5 Replies Latest reply on Jul 4, 2009 1:26 AM by Ansury

    Cairngorm or not?

    flexiom

      Can anybody say is this Cairngorm-Framework further developing – the last version of it is 2 yers old ,and even the website last apdate has been half year ago.

       

      Or et least is it worth learning it? What r your expiriences ?

      Would like to here some opinions on that -thanx

        • 1. Re: Cairngorm or not?
          JeffryHouser Level 4

          It is the most commonly used Framework for Flex Applications.  If you're a consultant, I recommend learning it.

           

          If you're doing your own stuff, I'm not sure what your best route will be.  I'd try to learn enough to either be interested in moving further or to decide it isn't worth you time.

          • 2. Re: Cairngorm or not?
            Ansury Level 3

            It's a very... boilerplate architecture.  It's good to know but your milage may vary.  Some might say it's better if you're working on somthing large and complex, but then again, that also multiplies the boilerplate nonsense.  Some may say it's good for beginners... and that may be true but probably just because you'll learn it.

             

            I don't think it's "actively developed" anymore, but it is certainly heavily used.  It's actually a good thing that it's not "active", it shows that it's mature enough that it doesn't need more crap added to fix previous flaws or shortcomings.  Open source "frameworks" that release new versions all the time usually turn into a huge pile of crap as they try to solve every problem imaginable and do all the work for the developer.  Cairn is probably the most mature Flex architecture, if there is one.  The important thing is that it is "updated" for each version of Flex, but I've yet to hear any complaints about a new version breaking it (it's not that complex under the hood).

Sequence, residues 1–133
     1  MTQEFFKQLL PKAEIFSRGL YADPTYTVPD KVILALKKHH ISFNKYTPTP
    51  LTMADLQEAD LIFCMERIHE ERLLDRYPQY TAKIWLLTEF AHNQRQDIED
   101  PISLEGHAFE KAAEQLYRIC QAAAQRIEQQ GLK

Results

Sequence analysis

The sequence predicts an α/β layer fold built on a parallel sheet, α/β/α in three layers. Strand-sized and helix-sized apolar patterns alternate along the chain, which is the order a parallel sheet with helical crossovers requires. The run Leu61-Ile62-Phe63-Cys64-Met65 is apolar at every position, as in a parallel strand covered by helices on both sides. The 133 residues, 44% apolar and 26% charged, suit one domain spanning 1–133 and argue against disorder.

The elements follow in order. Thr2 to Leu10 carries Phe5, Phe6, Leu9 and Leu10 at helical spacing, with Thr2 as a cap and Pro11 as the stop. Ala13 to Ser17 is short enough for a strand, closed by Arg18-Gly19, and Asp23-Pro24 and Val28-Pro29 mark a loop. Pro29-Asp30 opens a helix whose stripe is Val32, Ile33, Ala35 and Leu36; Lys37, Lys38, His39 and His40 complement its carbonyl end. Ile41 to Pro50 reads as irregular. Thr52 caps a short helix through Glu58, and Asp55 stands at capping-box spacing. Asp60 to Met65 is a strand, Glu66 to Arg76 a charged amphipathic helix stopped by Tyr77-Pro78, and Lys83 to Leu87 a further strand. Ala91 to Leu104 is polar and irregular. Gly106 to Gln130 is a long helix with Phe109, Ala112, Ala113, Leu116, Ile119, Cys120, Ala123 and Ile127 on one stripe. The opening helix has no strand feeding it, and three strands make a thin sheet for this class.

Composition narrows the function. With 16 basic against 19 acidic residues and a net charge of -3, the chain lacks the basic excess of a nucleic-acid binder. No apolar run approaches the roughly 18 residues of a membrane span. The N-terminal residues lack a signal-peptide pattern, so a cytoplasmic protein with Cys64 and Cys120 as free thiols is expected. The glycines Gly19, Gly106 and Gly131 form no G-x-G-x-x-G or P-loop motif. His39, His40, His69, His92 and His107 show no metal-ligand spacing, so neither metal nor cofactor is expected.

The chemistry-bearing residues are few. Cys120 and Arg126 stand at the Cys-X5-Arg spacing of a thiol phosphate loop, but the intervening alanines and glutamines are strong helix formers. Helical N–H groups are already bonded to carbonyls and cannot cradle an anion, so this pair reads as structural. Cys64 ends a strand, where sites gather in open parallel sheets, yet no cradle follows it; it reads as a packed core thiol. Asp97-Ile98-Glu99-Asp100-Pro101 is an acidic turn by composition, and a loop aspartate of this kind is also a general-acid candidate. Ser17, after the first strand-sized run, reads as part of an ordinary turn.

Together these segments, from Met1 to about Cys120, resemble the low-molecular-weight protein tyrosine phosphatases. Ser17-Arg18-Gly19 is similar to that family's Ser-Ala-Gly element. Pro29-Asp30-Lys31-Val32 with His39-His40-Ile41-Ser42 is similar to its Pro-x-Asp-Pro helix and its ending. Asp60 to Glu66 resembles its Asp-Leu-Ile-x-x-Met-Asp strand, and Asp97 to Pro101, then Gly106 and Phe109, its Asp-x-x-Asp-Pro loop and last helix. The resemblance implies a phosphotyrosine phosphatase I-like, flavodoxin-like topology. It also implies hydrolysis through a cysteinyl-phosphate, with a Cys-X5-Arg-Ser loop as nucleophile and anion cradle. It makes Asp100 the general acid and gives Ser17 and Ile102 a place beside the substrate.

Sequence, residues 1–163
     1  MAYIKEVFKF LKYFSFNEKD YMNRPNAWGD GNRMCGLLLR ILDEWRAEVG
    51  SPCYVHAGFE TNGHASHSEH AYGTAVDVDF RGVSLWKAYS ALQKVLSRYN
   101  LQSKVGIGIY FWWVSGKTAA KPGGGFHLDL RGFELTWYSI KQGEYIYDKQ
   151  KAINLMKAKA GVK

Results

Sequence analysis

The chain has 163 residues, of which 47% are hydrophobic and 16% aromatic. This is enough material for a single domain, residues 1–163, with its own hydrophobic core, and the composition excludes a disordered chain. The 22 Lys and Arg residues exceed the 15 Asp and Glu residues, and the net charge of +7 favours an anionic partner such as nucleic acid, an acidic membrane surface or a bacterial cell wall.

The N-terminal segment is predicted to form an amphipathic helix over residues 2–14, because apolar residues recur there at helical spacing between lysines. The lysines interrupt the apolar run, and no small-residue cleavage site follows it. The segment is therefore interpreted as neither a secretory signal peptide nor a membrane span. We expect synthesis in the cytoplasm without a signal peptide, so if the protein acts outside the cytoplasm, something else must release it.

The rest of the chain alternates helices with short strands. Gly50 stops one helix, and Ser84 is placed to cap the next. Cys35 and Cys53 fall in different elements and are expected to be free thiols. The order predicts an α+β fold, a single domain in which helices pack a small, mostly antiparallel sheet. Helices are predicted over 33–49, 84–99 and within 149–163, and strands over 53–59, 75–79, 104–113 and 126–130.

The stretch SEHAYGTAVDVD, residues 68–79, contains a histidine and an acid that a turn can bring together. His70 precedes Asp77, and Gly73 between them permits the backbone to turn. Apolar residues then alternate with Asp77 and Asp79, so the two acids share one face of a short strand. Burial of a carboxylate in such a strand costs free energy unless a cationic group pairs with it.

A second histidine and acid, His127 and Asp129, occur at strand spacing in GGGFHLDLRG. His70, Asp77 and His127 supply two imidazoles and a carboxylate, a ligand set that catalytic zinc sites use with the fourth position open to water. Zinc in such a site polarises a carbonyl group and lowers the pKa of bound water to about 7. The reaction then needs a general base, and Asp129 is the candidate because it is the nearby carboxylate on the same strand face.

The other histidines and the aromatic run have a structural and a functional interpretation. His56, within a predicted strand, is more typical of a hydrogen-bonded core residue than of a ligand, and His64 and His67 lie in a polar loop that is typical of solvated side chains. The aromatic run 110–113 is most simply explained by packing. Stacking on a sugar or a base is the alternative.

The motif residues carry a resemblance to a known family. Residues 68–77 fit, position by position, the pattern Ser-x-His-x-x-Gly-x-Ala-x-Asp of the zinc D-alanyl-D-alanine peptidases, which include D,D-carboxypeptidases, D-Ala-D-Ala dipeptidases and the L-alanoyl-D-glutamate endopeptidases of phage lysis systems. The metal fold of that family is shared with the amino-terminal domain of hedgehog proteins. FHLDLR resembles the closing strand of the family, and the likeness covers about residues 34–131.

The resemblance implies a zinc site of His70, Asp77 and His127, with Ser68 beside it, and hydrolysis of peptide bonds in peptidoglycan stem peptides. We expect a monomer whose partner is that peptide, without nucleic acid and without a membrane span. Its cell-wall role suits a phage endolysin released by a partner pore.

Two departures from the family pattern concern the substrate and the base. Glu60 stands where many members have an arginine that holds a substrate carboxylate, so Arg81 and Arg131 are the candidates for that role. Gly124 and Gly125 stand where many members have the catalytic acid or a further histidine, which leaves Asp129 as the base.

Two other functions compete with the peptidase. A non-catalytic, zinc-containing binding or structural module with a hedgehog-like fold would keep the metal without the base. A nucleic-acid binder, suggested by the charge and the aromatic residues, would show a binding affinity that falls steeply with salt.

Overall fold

Personally I've moved on to trying out Swiz.  But it's not a heavily used architecture, and it may not be the best for beginners either due to the amount of flexibility it allows you.  It leaves more choices up to the developer and only provides useful helper tools for getting your job done.  But as far as simplicity and avoidance of useless boilerplate code, Swiz can't be beat.

             

            Another popular upcoming framework/architecture is Mate.  I didn't look into it as much as Swiz but it seemed to have more boilerplate than I really wanted, especially after using Cairngorm.  But from what I hear it has more functionality built into it than Swiz and a lot of people seem to like it.

            • 3. Re: Cairngorm or not?
              Ansury Level 3

              I would say if you're working on a small, beginning project that you can complete quickly (or even back out and use a different architecture if you want), Cairngorm may be a good first choice.  But there is definitely a lot of new competition out there for it, so it may be on the way out now.  It's hard to gauge such things.